A couple of women I know try to avoid the lack of nutrition that comes with selective eating and fasting by subsituting sugarless cookies and healthy snacks. I guess that works out okay for the kids, but what about the poor parents who have to eat up the leftovers when the child is finished? I think we're all in agreement that we'd rather have a leftover bowl of Honeycomb than a slimy cold bowl of oatmeal. Even Goldilocks wouldn't eat it.

That takes us to the logical conclusion of toddler fasting: parental obesity. Well we're not going to just throw all that perfectly good food away, are we? One mother doesn't bother fixing herself lunch anymore; she just eats her child's leftovers. I go the other route: 27 little tiny containers in the refrigerator each containing three beans or a spoonful of mac and cheese. Then every couple of weeks or so I throw it all out because it's green and leafy in a manner more suited for a laboratory than a stomach. But see, it wasn't wasted. I did save it.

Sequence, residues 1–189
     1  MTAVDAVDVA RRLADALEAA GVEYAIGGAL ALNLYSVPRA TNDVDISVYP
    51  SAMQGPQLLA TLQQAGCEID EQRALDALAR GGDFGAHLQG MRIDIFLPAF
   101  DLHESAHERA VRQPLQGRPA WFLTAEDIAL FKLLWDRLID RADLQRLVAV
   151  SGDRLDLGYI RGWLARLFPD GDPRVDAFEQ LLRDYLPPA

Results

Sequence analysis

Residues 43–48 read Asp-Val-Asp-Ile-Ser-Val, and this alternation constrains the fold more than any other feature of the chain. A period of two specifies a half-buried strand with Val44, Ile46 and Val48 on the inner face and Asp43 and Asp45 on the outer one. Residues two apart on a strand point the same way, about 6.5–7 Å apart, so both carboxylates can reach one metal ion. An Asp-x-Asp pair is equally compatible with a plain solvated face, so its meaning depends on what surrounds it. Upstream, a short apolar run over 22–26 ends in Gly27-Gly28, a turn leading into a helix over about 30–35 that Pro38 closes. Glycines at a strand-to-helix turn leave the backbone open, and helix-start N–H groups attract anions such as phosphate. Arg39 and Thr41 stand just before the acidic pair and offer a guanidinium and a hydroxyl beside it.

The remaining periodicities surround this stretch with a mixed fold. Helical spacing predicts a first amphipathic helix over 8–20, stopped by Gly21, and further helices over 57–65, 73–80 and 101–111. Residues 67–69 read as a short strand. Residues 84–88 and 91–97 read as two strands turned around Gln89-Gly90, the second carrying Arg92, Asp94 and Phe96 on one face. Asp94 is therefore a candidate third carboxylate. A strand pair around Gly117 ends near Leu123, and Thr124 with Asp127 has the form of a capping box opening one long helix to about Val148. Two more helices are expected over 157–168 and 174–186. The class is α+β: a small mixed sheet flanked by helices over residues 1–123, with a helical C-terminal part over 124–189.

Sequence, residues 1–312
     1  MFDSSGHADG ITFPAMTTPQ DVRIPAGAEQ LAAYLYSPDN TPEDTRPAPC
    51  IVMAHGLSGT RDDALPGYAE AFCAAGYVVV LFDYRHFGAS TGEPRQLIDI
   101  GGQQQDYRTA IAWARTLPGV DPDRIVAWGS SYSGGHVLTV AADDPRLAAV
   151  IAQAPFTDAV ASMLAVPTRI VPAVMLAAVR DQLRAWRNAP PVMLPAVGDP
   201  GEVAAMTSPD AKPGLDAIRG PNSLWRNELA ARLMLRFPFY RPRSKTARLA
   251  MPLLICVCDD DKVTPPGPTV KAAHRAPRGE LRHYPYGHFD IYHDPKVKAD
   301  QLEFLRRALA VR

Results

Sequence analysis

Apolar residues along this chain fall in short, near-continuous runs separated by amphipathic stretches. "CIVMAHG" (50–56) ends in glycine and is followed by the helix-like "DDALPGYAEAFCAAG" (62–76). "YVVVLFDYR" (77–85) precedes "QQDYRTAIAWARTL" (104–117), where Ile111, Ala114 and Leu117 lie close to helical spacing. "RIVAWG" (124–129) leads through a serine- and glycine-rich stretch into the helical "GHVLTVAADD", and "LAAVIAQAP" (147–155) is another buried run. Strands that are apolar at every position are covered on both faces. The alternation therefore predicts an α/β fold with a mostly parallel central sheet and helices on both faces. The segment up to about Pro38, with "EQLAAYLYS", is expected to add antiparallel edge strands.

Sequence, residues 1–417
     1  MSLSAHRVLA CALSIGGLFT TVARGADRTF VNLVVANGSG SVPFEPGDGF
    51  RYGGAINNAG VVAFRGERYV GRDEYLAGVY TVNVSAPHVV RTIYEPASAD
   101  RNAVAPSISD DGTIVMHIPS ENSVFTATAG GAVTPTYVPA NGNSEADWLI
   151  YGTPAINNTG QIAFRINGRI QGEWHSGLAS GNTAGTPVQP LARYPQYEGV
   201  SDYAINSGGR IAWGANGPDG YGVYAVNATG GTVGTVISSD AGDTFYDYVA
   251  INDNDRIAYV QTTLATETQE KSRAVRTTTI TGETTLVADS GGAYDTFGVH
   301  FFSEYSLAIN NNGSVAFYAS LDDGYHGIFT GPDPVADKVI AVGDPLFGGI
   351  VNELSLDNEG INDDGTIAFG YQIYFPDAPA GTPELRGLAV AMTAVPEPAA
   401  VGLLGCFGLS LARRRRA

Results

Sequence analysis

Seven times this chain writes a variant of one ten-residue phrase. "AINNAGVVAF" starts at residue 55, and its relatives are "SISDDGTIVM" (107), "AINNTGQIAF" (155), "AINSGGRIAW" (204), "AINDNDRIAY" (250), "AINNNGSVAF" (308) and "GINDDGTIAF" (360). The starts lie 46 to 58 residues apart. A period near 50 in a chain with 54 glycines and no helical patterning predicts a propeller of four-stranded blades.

I've got a lot longer to go in the fast lane. Ideally Jack will begin to eat regularly in a few years around the time he gives up the pacifier, the bottle, gets potty-trained, and starts school. But those are other stories.

(Editor's Note: This article was written nearly 14 years ago for a mom's club newsletter. Jack is now 15.5 and eating everything in the house. His younger brother still resides in the fast lane on occasion.)

Thursday, March 12, 2009

DIY Liqueur

Who said "home ec" only consisted of sewing potholders or baking cupcakes? You can have fun in the kitchen making an exotic liqueur -- best of all, it's work that is done in stages, so you have plenty of time to relax and build up a big thirst.